Here you should make sure that it is best to thaw the finished meals in the refrigerator: the higher the temperature around and in the meat, the more the bacteria multiply. Roughly speaking, you shouldn't keep the meat at room temperature for more than 2 hours - blood and minced meat even shorter.

Also make sure that you do not thaw more than once or twice: if you have a block of meat, fish or offal, defrost it once, portion it into smaller amounts (e.g. 50g or 100g) and freeze these small amounts again - so you have convenient packaging the next time you prepare a recipe and prevent the meat from going "bad".

Even if meat that has been frozen and thawed several times is unsightly - and sometimes has an unsavory consistency - it doesn't have to be bad! Meat or fish that emits a strong smell or has a greasy film on the surface no longer belongs in the cat, but in the garbage! Please do not thaw - even the finished meals - in the microwave or in warm water, even if that works faster. Use cold water: this can also be done quickly, but is not so beneficial for bacteria to multiply.

Freezer bags, deli cups, glasses or plastic cans can be used to freeze the finished meals. Make sure that the containers are no higher than 10cm and freeze evenly and quickly. It goes without saying that you shouldn't open the door to the freezer unnecessarily often to prevent the cold from escaping. It is also logical that - pressed flat - freezer bags require less space in the freezer than all other containers: if you have little space, you should use them.

None of the nutrients contained in meals suffer from freezing! However, water-soluble nutrients (taurine, B vitamins) could be lost when thawing with liquid thrown away. So the sauce of the recipes should always be fed as well. It is advisable to only let meat / offal in the block defrost: this will make it easier to cut.

For more information see "all about freezing and thawing"

for the sticky note: Thawing and refreezing is fine as long as it is done quickly, the meat is kept cool and not thawed too often, the nutrients do not suffer, larger quantities can be divided into smaller portions and frozen in this way - that is more convenient and better for the meat quality

... hygiene in raw meat feeding?

In addition to balance, hygiene seems to be the second most important issue for barf beginners. Everyone has probably heard of germs, worms or viruses in barf and was then unsettled. In short: yes, worms, germs and viruses can be found in raw meat - but various precautionary measures and the specialized anatomy of the cat make this very minor. A certain basic hygiene is of course absolutely advisable. Also because humans can be infected with many of the pathogens contained in meat. Incidentally, worms (and their eggs) are killed if they are frozen at -17 to -20 degrees for at least a week.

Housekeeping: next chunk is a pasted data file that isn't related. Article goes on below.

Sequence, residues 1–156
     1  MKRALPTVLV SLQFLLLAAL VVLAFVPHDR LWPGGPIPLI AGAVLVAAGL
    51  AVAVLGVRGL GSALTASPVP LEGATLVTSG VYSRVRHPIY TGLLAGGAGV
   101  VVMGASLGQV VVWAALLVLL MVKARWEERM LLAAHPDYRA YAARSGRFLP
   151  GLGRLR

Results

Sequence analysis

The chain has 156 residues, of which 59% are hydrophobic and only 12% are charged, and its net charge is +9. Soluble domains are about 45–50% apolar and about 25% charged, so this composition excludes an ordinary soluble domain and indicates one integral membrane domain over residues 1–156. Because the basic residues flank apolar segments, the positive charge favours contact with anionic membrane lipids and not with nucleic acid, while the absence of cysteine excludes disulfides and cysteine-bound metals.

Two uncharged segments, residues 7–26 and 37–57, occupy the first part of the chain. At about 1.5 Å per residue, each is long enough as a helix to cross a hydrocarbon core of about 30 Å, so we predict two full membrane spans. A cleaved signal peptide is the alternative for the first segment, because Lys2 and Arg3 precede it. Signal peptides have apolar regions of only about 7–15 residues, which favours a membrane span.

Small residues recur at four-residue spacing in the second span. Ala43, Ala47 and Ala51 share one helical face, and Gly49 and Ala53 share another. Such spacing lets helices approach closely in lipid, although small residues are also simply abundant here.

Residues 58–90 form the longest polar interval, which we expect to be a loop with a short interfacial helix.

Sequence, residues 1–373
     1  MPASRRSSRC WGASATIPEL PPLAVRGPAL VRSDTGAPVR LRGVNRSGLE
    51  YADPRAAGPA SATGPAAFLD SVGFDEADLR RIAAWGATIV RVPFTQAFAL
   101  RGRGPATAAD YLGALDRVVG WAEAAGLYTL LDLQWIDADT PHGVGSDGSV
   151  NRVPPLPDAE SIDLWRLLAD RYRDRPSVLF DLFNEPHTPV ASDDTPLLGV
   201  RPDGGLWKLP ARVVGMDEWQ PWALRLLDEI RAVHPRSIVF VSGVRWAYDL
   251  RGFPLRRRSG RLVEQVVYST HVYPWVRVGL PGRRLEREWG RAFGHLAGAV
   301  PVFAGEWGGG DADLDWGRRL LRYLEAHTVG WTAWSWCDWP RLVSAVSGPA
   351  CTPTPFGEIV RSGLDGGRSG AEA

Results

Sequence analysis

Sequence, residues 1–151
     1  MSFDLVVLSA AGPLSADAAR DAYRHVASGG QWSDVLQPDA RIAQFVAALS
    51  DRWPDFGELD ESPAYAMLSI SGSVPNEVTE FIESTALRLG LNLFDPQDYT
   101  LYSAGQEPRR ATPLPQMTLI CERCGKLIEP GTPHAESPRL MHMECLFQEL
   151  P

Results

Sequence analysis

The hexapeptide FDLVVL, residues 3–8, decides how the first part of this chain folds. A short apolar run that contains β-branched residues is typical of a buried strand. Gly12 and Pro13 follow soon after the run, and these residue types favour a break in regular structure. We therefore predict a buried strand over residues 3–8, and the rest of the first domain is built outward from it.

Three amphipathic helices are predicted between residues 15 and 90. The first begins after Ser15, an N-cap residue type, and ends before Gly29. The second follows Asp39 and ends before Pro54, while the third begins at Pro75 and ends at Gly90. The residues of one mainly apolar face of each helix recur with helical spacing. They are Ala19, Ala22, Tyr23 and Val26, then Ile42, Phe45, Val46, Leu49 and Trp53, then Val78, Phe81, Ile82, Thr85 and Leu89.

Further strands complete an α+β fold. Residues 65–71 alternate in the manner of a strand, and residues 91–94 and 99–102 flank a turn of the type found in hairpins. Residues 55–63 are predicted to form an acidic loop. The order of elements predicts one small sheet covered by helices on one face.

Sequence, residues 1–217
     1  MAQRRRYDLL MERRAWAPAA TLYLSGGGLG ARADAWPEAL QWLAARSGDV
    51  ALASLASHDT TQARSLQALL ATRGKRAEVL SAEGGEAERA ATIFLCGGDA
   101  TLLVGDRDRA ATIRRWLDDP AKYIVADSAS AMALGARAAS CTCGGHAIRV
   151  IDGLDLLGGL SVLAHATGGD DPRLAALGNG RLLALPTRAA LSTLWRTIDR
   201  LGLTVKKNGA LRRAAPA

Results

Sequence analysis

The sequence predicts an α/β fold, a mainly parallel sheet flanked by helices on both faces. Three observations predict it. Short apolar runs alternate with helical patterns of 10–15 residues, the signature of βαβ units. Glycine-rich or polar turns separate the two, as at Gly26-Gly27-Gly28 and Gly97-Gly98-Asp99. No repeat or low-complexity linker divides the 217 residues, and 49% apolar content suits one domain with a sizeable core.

You do not have to make a "clean room" or excessive hygiene in your kitchen when barfing. Like cats, we have a functioning immune system that can usually cope with all kinds of pathogens. The meat for barfing is also no more contaminated with germs than the one we eat ourselves. As long as you wash your hands and all other utensils thoroughly, you can maintain the same hygiene when feeding raw meat as when preparing food for yourself. You yourself only come into contact with the meat when it is cut and fed, and there is hardly any contagion through consumption.

It goes without saying that after cleaning the litter box, you must wash your hands thoroughly and keep children / other pets away from the cat's feces and small children - or yourself - not put the raw meat in their mouths.

For more information see "Hygiene when feeding raw meat"

for the sticky note: Excessive hygiene and disinfectants are not necessary, but basic kitchen hygiene is

... preparation and portioning - how much for my cat?

portioned meals in 200ml delicatessen cups

As already mentioned, not every single meal has to and cannot be perfectly balanced and many barfer mix large amounts of recipes. This procedure facilitates raw feeding and is also perfectly fine in terms of long-term balance.

Roughly speaking, when putting together the recipes, meat and offal are first prepared (minced, mashed and / or cut into pieces), mixed with the individual supplements such as bones, offal, etc. and then packed and frozen in individual (daily) portions.

It is a matter of attitude whether a separate "sauce" from supplements such as bones, innards, blood etc. is calculated and mixed for each individual recipe or whether a large amount of "standardized" sauce is used for the total amount of meat to be mixed.

As a rough guide for the amount of food, 25-50g meal per kilogram of body weight of the cat is assumed - most cats tend to eat more during the changeover. Depending on the exercise and experience, it takes about half an hour to make a 1kg meal.

Freezer bags, plastic jars, delicatessen cups or small glasses are suitable for freezing meals. In order to find the "right" size for the container, the following applies: minced food takes up less space than lumpy items, there should be some space in the box in addition to the meal. Roughly speaking, about 180g of minced barf or 150g of chunky barf can be frozen in a 200g container. It is a very individual question whether the water that is also included in the meals is frozen with everything else or is only added when the meal is served: on the one hand, you save space in the freezer if you do not freeze the water, on the other hand, you save a minimal amount of time if you do.

For more information, see "How do you do this? Mixing raw meat meals"